I have begun my werewolf short story (and my final essay for my French class, so when one bores me I can work on the other).
I wrote 300 works on it yesterday, got some positive feedback from several friends, but my husband was the first to point out I have no "hook."
So I started the next stretch of the story keeping an eye out for that potential hook, and I got an additional 125 words before my daughter woke up.
The reality is, especially as a mom, first drafts stink because you never get a chance to sit, write and focus. Writing becomes disjointed and grabbed in brief minutes when you can, where you can.
Like this blog: some days I write long, well-thought out entries and some days I present a few scattered sentences. Today is a scattered sentence day, because my mommy obligations are at the forefront.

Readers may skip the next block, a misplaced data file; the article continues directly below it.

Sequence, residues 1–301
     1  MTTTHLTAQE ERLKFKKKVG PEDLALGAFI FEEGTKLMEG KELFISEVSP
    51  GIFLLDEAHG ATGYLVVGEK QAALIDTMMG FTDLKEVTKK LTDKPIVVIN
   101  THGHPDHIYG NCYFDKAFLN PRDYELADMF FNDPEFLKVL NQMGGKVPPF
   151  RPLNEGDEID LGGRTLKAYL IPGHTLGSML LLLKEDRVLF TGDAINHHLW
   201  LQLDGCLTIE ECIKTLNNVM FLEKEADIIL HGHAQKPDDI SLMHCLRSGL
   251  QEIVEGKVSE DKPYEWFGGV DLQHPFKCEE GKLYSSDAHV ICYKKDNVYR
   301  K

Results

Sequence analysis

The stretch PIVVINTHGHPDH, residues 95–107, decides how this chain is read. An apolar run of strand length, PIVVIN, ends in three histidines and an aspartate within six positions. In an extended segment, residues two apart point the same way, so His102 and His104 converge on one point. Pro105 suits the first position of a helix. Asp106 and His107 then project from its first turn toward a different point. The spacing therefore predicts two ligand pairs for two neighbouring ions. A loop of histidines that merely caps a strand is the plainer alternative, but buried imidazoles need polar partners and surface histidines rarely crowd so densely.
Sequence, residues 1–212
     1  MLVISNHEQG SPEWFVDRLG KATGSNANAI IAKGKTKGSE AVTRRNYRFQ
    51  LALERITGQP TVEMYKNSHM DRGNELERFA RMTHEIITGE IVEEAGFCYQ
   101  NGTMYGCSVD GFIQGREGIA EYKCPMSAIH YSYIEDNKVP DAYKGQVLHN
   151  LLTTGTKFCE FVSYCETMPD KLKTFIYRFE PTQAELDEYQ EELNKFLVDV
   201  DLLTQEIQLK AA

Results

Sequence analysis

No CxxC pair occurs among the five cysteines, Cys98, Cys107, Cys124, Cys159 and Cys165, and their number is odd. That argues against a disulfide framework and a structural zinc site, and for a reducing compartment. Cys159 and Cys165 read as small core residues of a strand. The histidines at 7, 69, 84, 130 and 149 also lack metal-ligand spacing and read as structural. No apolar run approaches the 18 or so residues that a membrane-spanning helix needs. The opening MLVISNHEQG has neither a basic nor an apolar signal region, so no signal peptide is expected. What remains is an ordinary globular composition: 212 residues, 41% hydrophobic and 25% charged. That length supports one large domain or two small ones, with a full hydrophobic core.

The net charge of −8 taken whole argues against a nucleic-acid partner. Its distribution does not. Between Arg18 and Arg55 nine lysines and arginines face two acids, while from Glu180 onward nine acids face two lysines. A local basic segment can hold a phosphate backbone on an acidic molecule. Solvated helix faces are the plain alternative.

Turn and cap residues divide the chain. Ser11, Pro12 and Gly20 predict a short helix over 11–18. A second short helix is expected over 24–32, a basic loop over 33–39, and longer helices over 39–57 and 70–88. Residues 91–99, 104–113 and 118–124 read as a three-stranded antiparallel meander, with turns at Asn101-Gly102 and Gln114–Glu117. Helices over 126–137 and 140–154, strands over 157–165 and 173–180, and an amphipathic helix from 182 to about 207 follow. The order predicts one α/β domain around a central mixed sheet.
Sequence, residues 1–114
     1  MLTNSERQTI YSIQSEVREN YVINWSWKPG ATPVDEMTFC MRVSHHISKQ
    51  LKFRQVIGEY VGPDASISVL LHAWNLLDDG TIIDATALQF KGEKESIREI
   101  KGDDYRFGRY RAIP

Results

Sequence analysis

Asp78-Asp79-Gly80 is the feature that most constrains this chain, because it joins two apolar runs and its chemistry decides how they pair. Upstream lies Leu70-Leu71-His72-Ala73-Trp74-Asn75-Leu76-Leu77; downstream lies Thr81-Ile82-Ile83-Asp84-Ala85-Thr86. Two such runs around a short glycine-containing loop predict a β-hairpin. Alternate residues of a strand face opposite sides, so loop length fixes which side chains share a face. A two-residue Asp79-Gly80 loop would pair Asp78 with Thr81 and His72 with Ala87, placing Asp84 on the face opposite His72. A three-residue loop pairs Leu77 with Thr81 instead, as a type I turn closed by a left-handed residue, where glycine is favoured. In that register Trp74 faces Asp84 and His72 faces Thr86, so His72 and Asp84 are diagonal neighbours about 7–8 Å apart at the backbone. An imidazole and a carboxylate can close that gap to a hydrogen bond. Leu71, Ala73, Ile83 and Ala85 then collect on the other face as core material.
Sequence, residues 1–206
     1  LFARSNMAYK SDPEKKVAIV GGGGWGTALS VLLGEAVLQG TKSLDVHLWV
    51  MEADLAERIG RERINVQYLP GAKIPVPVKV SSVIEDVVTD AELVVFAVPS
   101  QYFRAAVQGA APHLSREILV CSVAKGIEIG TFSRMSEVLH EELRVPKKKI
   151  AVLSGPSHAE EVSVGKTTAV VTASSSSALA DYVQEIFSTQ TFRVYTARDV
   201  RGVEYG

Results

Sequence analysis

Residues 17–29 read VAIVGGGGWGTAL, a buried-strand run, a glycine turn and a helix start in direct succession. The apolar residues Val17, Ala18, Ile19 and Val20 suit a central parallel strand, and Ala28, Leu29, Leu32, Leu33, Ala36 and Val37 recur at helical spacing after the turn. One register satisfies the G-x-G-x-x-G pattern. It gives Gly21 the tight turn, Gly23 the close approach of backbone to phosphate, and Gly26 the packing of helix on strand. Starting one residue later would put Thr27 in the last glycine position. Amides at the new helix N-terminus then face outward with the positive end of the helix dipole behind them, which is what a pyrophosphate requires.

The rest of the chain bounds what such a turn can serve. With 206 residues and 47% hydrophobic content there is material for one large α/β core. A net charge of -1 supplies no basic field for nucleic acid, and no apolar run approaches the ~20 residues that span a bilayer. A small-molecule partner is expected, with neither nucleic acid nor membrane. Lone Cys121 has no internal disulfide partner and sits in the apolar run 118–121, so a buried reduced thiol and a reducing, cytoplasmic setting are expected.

It's really no different for writers who work for time or have other commitments (like those deep in the process of marketing their first or current book while writing the next). The reality is you keep writing and you can't make excuses.
The werewolf story proceeds, even if 100 words at a time. I will fix it later, once I have a first draft to fix. It's easier to fix a first draft than to create a story out of nothing. The author with a bad first draft has already surpassed the writer intimidated by a blank page.